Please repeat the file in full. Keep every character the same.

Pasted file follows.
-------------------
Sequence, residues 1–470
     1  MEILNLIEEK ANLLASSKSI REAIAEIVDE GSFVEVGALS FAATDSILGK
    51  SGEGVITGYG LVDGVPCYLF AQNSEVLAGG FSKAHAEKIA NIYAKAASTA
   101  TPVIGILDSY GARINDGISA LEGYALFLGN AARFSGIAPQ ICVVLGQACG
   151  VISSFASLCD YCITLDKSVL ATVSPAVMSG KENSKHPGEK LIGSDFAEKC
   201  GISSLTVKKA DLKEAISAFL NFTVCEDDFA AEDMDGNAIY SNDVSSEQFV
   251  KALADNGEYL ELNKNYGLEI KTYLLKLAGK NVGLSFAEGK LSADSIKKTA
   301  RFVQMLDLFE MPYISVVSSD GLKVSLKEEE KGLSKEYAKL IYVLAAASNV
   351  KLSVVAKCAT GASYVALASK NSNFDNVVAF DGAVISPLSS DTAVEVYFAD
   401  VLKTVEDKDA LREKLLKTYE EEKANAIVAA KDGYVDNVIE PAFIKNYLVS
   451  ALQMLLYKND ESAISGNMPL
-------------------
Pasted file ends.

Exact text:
Sequence, residues 1–470
     1  MEILNLIEEK ANLLASSKSI REAIAEIVDE GSFVEVGALS FAATDSILGK
    51  SGEGVITGYG LVDGVPCYLF AQNSEVLAGG FSKAHAEKIA NIYAKAASTA
   101  TPVIGILDSY GARINDGISA LEGYALFLGN AARFSGIAPQ ICVVLGQACG
   151  VISSFASLCD YCITLDKSVL ATVSPAVMSG KENSKHPGEK LIGSDFAEKC
   201  GISSLTVKKA DLKEAISAFL NFTVCEDDFA AEDMDGNAIY SNDVSSEQFV
   251  KALADNGEYL ELNKNYGLEI KTYLLKLAGK NVGLSFAEGK LSADSIKKTA
   301  RFVQMLDLFE MPYISVVSSD GLKVSLKEEE KGLSKEYAKL IYVLAAASNV
   351  KLSVVAKCAT GASYVALASK NSNFDNVVAF DGAVISPLSS DTAVEVYFAD
   401  VLKTVEDKDA LREKLLKTYE EEKANAIVAA KDGYVDNVIE PAFIKNYLVS
   451  ALQMLLYKND ESAISGNMPL